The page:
Ten Psalms have been restored back to where they belong in His Word the HalleluYah Scriptures. The question over the missing Psalms was a long, highly researched and prayerfully sought decision by the HalleluYah Scriptures team.
The existence of additional Psalms has been know for quite some time as scholars recognize Psalm 151 was originally contained in the Septuagint, the Greek text used around the time of Yahushua and growth of the early assemblies. Additionally Psalms 152 -155 were included in the Aramaic Peshitta, and there was some debate among scholars whether these texts had arisen from the Hellenistic period.
It wasn't till the discovery of the Dead Sea Scrolls that not only these Psalms were confirmed to be of Hebrew origin, but a futher additional Psalms 156-160 came into existence. HalleluYah Scriptures has made a number of Apocryphal Books and Extra-Bibical writings available and there was no doubt that these additional Psalms needed to be restored and made available and we take the warnings from Scripture VERY seriously not to add nor take away from the Word (Deut 4:2; 12:32 and Rev 22:18-19) so the most important view that we needed to acknowledge and discern in order to make a wise decision and determine where they were to be included was to ask ourselves the following question:
Are the contents: a "missing/removed" Book outside of Canon or sections (pages/verses/chapters) of an actual existing Book in the Scriptures? If they are from a separate Book then it should be added to the Apocrypha, but if they're from an existing Book already in the Scriptures, then they should be added back to it's Book. We strongly felt that because
The Halleluyah Scriptures are a RESTORED Scripture, then they should be restored back to it's Original way: Names, cleaned from paganism and missing/removed sections placed back as well as any additions to be removed, and corrected from poor translations etc. Canonicity Psalm 151 was part of many manuscripts of the Septuagint, and some of the Peshitta.
The Hebrew text of this Psalm from the Dead Sea Scrolls (11Q5 – which we have used) does differ slightly, in which verses 1-5 are considered to be a longer text designated 151A, and verses 6-8 are considered a separate fragmentary text designated 151B. Psalms 152-155 were included in some manuscripts of the Syriac Peshitta. Psalms 154 and 155, in addition to their presence in the Syriac Peshitta, were also found among the Dead Sea Scrolls. (11Q5)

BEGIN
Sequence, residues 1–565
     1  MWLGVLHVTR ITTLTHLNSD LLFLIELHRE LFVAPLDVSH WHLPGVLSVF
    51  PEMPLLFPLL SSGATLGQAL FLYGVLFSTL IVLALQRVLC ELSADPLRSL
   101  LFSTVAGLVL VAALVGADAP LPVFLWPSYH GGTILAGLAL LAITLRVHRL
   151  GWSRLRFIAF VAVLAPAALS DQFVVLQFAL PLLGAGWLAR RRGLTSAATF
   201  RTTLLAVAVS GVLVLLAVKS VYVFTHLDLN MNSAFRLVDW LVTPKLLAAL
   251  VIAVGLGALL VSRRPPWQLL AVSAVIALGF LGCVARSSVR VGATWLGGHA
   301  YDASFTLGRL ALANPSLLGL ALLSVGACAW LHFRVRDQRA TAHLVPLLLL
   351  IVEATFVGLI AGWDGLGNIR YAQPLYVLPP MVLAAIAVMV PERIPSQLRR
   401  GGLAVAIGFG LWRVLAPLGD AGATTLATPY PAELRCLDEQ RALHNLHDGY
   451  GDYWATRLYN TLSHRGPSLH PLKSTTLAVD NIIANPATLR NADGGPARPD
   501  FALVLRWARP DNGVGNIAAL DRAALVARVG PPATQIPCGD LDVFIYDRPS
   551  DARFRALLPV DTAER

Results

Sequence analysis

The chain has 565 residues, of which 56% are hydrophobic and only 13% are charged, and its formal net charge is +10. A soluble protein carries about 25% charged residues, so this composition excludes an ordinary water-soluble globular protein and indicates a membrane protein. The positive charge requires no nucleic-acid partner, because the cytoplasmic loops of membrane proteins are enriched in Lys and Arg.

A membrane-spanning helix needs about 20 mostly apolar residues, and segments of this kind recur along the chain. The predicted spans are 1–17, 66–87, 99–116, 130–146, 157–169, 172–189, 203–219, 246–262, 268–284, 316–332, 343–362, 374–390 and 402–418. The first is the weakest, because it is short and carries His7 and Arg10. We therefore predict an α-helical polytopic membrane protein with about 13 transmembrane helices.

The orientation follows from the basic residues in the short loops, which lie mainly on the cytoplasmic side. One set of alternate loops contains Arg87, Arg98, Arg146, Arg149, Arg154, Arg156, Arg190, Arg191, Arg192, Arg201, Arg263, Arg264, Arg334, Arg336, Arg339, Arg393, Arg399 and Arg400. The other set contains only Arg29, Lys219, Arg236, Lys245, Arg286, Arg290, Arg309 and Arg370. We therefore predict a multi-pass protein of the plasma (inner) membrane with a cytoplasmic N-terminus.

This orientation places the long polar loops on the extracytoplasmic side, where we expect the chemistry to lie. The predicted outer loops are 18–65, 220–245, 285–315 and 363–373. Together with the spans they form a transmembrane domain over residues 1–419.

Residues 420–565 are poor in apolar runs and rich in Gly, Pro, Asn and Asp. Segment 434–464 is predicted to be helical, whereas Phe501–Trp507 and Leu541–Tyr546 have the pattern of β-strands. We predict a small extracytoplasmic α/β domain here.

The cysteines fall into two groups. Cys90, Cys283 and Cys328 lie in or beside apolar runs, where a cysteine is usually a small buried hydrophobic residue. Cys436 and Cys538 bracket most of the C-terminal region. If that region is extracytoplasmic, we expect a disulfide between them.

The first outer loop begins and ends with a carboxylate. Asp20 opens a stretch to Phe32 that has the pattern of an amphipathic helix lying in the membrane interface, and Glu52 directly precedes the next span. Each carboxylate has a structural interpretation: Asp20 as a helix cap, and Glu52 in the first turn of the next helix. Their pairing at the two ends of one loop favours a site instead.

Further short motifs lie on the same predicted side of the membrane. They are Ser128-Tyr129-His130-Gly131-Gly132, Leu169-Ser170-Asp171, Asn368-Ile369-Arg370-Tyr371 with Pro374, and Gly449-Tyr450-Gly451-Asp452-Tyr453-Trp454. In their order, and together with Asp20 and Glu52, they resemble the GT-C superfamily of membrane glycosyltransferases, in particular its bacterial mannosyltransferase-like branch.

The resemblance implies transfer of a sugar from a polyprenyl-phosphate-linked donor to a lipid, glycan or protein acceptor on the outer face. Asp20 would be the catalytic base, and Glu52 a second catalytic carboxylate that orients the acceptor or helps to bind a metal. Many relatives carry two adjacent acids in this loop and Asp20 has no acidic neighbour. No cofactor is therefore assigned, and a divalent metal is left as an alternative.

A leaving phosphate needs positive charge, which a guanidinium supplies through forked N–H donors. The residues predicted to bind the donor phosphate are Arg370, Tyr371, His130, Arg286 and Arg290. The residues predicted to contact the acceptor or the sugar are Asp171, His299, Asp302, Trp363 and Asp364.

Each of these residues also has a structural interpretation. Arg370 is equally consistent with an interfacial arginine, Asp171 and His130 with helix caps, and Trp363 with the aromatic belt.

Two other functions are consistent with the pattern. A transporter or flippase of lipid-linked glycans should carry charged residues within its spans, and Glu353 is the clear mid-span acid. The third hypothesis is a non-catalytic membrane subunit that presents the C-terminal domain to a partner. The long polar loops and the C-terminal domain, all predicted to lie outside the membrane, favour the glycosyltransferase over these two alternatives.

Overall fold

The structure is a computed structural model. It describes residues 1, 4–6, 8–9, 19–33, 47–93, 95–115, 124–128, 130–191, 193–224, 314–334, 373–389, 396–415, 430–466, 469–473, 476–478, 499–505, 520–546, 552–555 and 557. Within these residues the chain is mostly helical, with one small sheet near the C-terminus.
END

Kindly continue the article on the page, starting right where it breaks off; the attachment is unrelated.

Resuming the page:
The translation from the Syriac has been diligently compared with the Hebrew text found at Qumran. Psalms 156-160 come exclusively from the Dead Sea Scrolls, (11Q5 and 4Q88) in which these Psalms are listed alongside many canonical Psalms from the Hebrew Bible.
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2 So he who opposes the authority withstands the institution of Elohim, and those who withstand shall bring judgment on themselves.
3 For those ruling are an object of fear, not to good works, but to evil. Do you wish to be not afraid of the authority? Do the good, and you shall have praise from it,
4 for it is a servant of Elohim to you for good. But if you do evil, be afraid, for it does not bear the sword in vain. For it is a servant of Elohim, a revenger to execute wrath on him who practices evil.
5 Therefore, it is necessary to be subject, not only because of wrath but also because of the conscience.
6 For because of this you also pay taxes, for they are servants of Elohim attending continually to these duties.
7 Render therefore to all what is due to them: tax to whom tax is due, toll to whom toll, fear to whom fear, respect to whom respect.
This text has caused much confusion to some and due to the choice of words in translation, many are led to believe that this section from Sha'ul to the Romans is referring to the earthly government when in fact, the text is clearly referring to the Lĕwites or kohenim.
In verse 1 Sha'ul identifies that these “authorities” are “appointed by Elohim,” and again in verse 2 that it is an “institution of Elohim.” The only authority instituted by Elohim in the Scriptures, those given authority to judge the people of Yisra'ĕl, are the sons of Aharon, the kohenim and the “tax” and “toll” (verse 7) to be rendered was that for the support of the kohenim and those serving in the Hĕyḵal of YHWH commanded in the Torah.
It is because of this misunderstanding that we, at HalleluYah Scriptures, have chosen to change the English word used which appears as phoros (φόρος) in Greek MSS and rosh keseph (שרא כסף) in Aramaic to “levy” instead of “tax” which sounds too much like a governmental payment, to conform with how we have translated this tithe in the First Covenant of HalleluYah Scriptures. For similar reasons, we are using the word “duty” in place of “toll” as this better translates the Greek word telos (τέλος) and the Aramaic mekes (מכסא).
We hope that this will bring clarity and less confusion to this topic.
The HalleluYah Scriptures Team.